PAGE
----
People rely on public transit in varying proportions across the U.S. This post focuses on one particular reason people may not use public transit. Some reasons individuals may not ride: first, we all like to have control over our environments, and that’s not possible when riding the bus, or the train. Second, we prefer a modicum of privacy, even in public; transit riders tend to achieve privacy by avoiding eye contact, which can be a strange experience for people who aren’t regular riders.
A third obstacle to using public transit is a feeling that the rider lacks information. If a bus or subway rider cannot determine his wait time or get reliable information about service delays, then the extra monetary cost of driving and parking is a worthwhile economic tradeoff to the individual (or many individuals, leading to traffic woes). However, this transit information problem is being tackled increasingly at the municipal level, and two such projects are described below.
In Boston, the MIT Center for Civic Media introduced Lost in Boston: Real Time. Electronic signs display the arrival time for the next bus (as well as other civic information, such as municipal events) for transit riders. Initially, local businesses donated window space near bus stops to convey information. The emphasis on this project is on broadcasting information, rather than allowing users to retrieve personalized information.
In Seattle, One Bus Away is a project initiated by a University of Washington Computer Science & Engineering graduate student Brian Ferris. The application is accessible on mobile devices, via the web, and over SMS. The interface is designed to give an individual user personal, real-time information about bus routes, arrival and departure status, and nearby transit locations.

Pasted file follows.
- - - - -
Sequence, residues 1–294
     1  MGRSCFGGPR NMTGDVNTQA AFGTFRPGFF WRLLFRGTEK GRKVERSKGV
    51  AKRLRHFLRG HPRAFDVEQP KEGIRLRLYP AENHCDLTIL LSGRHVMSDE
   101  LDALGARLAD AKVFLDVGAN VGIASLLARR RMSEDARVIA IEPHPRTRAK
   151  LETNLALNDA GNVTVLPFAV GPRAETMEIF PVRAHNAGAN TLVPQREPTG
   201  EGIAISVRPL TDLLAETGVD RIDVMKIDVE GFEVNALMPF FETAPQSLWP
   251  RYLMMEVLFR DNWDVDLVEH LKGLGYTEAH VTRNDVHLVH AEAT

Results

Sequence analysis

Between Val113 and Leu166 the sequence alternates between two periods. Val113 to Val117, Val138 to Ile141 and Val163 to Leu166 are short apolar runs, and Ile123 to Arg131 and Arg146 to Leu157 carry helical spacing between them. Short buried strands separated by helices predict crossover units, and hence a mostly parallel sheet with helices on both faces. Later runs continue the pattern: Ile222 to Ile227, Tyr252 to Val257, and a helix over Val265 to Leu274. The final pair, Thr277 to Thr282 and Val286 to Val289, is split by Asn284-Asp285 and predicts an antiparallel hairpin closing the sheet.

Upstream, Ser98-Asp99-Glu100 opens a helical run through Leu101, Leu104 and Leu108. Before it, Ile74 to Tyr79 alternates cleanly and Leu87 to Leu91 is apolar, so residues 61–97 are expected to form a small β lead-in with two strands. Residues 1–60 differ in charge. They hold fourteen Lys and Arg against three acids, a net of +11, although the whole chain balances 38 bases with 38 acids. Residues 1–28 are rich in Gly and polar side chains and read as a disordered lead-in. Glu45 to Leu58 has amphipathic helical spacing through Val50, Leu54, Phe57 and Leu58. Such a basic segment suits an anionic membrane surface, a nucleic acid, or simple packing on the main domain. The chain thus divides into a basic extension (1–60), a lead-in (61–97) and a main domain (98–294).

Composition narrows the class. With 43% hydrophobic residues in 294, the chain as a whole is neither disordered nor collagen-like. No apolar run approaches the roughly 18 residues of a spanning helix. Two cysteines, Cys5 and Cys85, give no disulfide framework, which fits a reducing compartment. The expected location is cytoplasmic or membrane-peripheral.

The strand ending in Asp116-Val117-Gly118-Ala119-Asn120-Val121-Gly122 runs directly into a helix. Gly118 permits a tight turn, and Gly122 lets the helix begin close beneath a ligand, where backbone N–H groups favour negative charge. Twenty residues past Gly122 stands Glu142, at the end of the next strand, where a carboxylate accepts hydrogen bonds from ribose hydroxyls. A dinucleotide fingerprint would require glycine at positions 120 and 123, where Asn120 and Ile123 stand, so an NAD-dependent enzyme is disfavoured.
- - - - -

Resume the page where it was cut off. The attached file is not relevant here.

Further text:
Ferris now works for the Google Transit team; over the summer, that team announced an open protocol for transit data, which gives developers access to real-time data for designing new applications. In another step toward closing the information gap for all riders – even those without personal mobile devices – Seattle is piloting an electronic display for real-time arrival information at its busiest downtown transit stop. And as of September 2011, the Metropolitan Transit Authority in New York City has contracted with a private company to build a customer information platform for its bus riders (Large PDF here; hat tip to Michael Frumin).
The above demonstrates that a single problem can have multiple solutions. I am particularly happy to see that Seattle has increased its information inclusion by using existing One Bus Away data to broadcast bus arrival times, effectively maximizing the value of information available for all riders.